Thursday, January 9, 2014

Strathalbyn and points east

The Naracoorte caves, and --
The Coorong ... this is where we'll be. But first, we have to get there!
On the road to Strathalby, and wouldn't you know it? Looks like rain!
A quiet backwater of Strathalbyn, and we're looking for a place to stop for a late breakfast.
St. Andrew's church overlooks  the whole town, with its population of little corellas, or "blue eyed cockatoos." 
Leaving Strathalbyn, headed for the Langhorne region -- on Langhorne Creek Road ...
Salt pans off the roadside by Dog Lake and Boggy Lake, as you run through to Wellington.
What's at Wellington? Well, for a start, the ferry! The only way to cross the Murray River, this side of Murraybridge.
The Wellington ferry runs every 10 or 15 minutes, and is free. Every kind of vehicle crosses the river this way.
A little history, while we wait for the ferry to come back across.
Meanwhile, the ferry is waiting for the dredge! So --
Catch up with the history of the town, and stretch the legs.
Wellington's old courthouse. Not working as a courthouse, now, of course -- 
In fact, a B&B and cafe ... now, there's a thought!
Follow the leader, drive down onto the ferry for the trip across...
Windmills on the Tailem Bend side of the river.
Gentlemen, restart your engines! Drive up off the ferry...
Now, where are we going? Tailem Bend first.
And we seemed to leave the clouds behind as we headed east. By Tailem Bend, the sun was shining.
Tailem Bend used to be a railway town ... an old steam locomotive still stands in the playground. 
We stopped for lunch, got some cool drinks at one of these stores, then --
You pick up the Dukes Highway, head east, and put the foot down!
It's grain country -- the wheat grown here is taken by rail to the flour mill in Strathalbyn --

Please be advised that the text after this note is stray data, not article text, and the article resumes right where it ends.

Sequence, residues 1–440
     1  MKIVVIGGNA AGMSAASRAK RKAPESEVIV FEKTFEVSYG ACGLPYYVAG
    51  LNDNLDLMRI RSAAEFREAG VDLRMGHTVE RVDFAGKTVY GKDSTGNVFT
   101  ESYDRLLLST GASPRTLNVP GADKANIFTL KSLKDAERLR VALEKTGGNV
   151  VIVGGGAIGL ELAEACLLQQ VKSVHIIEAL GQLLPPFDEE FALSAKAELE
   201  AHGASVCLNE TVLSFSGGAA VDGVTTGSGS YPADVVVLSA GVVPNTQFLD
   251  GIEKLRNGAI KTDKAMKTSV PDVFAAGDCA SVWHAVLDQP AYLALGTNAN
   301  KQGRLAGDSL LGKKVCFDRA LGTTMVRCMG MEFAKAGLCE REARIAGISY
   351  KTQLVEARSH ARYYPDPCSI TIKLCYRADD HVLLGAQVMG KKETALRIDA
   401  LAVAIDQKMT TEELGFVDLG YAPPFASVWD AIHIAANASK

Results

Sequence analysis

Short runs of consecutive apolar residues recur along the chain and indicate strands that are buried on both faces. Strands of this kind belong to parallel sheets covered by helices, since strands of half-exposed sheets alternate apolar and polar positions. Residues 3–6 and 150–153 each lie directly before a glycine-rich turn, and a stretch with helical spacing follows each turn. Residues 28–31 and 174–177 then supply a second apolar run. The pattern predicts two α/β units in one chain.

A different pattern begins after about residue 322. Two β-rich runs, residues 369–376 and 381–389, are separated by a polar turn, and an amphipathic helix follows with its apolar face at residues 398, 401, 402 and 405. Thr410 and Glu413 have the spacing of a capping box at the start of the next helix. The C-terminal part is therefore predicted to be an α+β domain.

The railway shadows the road as you head on, through tiny towns spread far apart...
Silos tower beside the road; the railway is just on the other side of these.
And you're sharing the Dukes Highway with some of the biggest trucks on the road, but we were
very impressed by the safety of this road: great visibility and signage.
Ah, a town! Needing a stretch of the legs we stopped here...
Coonalpyn: an agricultural center where fields stretch to the horizon on either side of the road.
Strange, hardy trees, suited to an arid environment, line the road...
And soon enough we're moving again -- next stop, Keith.
The only possible downside to planning these road trips a long way in advance is that when the time comes, you have to take the weather as you find it. We thought we'd "picked it wrong" as we set out: skies were gray and it looked like rain, all the way to Strathalbyn, where we stopped in the park for a late picnic breakfast.

The view of St Andrew's is lovely from any angle, and the little corellas -- "blue eyed cockatoos" -- were swooping and calling everywhere. They're all over Strathalbyn, and Wellington too, nothing the locals can do about them, and why should they? The birds were in these locations before humans arrived!

But the skies cleared as we headed east, and by the time we reached Tailem Bend the sun was shining. Tailem Bend is quite an interesting town, and has a neat page of its own. But we were only stopping for lunch and a cool drink before we tackled the Dukes Highway.

The Dukes is characterized by its "miles and miles of miles and miles." It's a loooong haul from Tailem Bend to Naracoorte, and the tiny towns (blink, and you really will miss them) are spaced far apart, little centers with names like Cook Plains, and Coomandook, Coonaplyn and Culbara, and at last, Tintinara -- a place that doesn't start with a 'C'!

It's all wheat and the railway in this region, and you just have to "lead foot it," and get through ... fortunately the road is wide, visibility is great and the signage is excellent, so it's a safe drive, though it is a long one.

Next stop: Keith, an oasis of green amid the parched summer landscape ... and a Land Rover on a pole ... after which, Naracoorte isn't far away!

No comments:

Post a Comment

Related Posts Plugin for WordPress, Blogger...